Barbara Hendricks is a world-renowned opera singer, probably better known in Europe, where she lives and performs. She is a true woman of the world — born in the United States, she lives and raised a family in Switzerland, is a Swedish citizen and travels from continent to continent as a goodwill ambassador for the United Nations.

What many people probably don’t know about her is that Hendricks is a graduate of the University of Nebraska-Lincoln. Her degree wasn’t in music but in chemistry and mathematics.

The years she spent in Nebraska are just a part of the story to be found in “Lifting My Voice: A Memoir” (Chicago Review Press, $32.95). She grew up in Arkansas as the daughter of a minister and a teacher in the 1950s and ’60s, a time when black citizens were struggling to claim their civil rights. She came of age in the years of the Vietnam War.

But she had always been a singer and turned to that as a career path as she left UNL and entered the Juilliard School of Music. She found acceptance and fame, especially in Europe.

Since establishing herself as an opera singer, she has performed in cities around the world. But she’s no diva, because she also for many years she has lifted her voice in the cause of human rights. A diva’s memoir probably wouldn’t have a foreword by former U.N. Secretary-General Kofi Annan.

Not only are Hendricks’ life and stories about the many famous people she has known interesting, but her view of world events over the past 50 years is compelling.

Other books that have local significance:

  • “Blood Games” by Chloe Neill (Penguin/New American Library, $15).

The Omaha author continues her Chicagoland Vampire Series — this is the 10th book — by giving Merit a deadly assignment: finding a murderer who preys on humans. Meanwhile, her bond with Ethan grows stronger. Neill’s stories are always exciting and entertaining. This one will be available Tuesday.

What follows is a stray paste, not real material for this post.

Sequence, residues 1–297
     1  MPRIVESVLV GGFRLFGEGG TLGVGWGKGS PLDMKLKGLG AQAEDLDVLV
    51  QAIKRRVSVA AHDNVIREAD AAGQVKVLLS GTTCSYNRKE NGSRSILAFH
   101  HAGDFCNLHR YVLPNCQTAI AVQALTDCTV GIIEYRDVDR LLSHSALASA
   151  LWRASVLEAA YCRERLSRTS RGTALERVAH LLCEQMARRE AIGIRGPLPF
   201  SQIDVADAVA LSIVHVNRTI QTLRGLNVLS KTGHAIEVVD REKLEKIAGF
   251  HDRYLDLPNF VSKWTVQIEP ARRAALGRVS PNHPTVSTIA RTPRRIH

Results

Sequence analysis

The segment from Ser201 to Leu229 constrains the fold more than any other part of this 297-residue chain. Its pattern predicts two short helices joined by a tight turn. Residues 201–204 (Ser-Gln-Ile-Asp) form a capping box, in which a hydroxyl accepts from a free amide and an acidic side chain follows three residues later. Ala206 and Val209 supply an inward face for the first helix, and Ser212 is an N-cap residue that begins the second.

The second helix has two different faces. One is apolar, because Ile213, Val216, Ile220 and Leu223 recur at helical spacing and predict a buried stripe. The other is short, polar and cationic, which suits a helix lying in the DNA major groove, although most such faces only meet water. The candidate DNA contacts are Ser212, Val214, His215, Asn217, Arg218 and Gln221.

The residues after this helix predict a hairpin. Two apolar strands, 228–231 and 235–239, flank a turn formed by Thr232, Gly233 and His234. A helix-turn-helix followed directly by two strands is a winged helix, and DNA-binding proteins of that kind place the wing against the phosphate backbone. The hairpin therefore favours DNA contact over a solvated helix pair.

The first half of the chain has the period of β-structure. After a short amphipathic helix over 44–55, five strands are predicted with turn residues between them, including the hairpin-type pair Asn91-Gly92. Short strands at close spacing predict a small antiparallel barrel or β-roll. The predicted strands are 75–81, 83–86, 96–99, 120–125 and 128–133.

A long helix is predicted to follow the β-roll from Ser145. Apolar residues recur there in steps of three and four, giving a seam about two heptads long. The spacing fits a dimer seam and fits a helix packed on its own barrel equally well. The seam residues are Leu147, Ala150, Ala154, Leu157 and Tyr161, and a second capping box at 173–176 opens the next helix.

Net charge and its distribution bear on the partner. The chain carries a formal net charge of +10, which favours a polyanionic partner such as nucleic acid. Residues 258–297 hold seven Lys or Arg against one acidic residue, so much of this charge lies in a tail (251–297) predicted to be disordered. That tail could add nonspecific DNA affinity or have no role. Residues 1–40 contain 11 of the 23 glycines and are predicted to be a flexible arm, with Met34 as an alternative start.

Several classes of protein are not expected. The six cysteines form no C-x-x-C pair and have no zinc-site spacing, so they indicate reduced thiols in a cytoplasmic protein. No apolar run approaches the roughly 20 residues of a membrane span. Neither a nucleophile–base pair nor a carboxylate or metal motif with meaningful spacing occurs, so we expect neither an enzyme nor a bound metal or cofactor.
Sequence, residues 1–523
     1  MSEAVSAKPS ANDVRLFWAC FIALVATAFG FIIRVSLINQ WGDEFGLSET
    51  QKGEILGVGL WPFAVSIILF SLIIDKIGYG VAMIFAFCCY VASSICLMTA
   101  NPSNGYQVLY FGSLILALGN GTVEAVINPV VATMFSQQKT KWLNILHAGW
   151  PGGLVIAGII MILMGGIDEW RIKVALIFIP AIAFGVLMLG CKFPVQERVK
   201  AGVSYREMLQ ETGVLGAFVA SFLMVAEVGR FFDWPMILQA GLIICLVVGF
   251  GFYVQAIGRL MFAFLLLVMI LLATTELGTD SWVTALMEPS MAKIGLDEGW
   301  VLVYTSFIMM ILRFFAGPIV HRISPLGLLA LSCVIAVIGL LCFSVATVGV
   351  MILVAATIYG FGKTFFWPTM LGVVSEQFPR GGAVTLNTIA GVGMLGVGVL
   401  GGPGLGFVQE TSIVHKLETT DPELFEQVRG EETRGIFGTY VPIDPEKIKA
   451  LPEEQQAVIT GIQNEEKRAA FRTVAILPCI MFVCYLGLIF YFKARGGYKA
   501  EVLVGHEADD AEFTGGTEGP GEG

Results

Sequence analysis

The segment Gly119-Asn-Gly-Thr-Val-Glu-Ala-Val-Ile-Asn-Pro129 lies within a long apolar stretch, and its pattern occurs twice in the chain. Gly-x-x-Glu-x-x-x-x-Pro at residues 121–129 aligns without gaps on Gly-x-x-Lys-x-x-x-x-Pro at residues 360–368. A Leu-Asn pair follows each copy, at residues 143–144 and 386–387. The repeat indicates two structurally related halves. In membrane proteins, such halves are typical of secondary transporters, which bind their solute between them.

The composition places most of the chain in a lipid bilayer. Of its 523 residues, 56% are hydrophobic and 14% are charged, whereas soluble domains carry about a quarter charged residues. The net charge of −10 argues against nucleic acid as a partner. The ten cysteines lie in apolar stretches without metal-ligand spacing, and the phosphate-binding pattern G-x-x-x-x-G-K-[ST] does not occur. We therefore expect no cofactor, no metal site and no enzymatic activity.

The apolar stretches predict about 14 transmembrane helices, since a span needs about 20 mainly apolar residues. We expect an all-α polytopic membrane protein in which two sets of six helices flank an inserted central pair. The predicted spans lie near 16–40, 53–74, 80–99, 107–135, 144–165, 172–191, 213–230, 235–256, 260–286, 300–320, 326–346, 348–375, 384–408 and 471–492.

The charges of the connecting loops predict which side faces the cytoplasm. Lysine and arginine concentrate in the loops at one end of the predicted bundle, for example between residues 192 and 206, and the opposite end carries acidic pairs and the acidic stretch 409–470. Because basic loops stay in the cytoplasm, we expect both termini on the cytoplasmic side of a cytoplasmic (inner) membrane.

• “The Good Life: A Nebraska Love Story” by Genevieve Dewey (Amazon Digital Services, $16).

Two previously published short stories and a full-length novel that takes off where the stories left off are included in this book by the Nebraska writer. The stories and novel focus on the romance between Dominic and Kate and the assorted friends and family who are part of their lives.

  • “Busy in the Cause: Iowa, the Free-State Struggle in the West, and the Prelude to the Civil War” by Lowell J. Soike (University of Nebraska Press, $30).

A look at the forces at play in the years leading up to the Civil War, especially Iowans and the idea of slavery. Many histories of that period don’t spend much time on what was happening in Iowa, Nebraska and Kansas, so this is an intriguing look at the people and events in those states.


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